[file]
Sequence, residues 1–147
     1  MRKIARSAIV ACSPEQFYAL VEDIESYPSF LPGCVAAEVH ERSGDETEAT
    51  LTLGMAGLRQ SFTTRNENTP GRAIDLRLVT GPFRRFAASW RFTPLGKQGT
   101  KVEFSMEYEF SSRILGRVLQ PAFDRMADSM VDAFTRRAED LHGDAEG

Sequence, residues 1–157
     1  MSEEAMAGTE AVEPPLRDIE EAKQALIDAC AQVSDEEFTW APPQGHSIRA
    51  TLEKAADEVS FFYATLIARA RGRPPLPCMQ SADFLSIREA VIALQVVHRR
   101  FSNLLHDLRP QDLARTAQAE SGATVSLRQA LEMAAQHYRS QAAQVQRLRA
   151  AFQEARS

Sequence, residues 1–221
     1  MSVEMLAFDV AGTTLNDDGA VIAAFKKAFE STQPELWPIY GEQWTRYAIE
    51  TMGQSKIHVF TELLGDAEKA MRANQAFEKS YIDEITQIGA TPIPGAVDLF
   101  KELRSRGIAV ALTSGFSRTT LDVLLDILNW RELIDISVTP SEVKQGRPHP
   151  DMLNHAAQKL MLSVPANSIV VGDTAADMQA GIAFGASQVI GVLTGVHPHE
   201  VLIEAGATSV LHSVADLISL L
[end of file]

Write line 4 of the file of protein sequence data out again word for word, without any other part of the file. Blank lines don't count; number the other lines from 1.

   101  KVEFSMEYEF SSRILGRVLQ PAFDRMADSM VDAFTRRAED LHGDAEG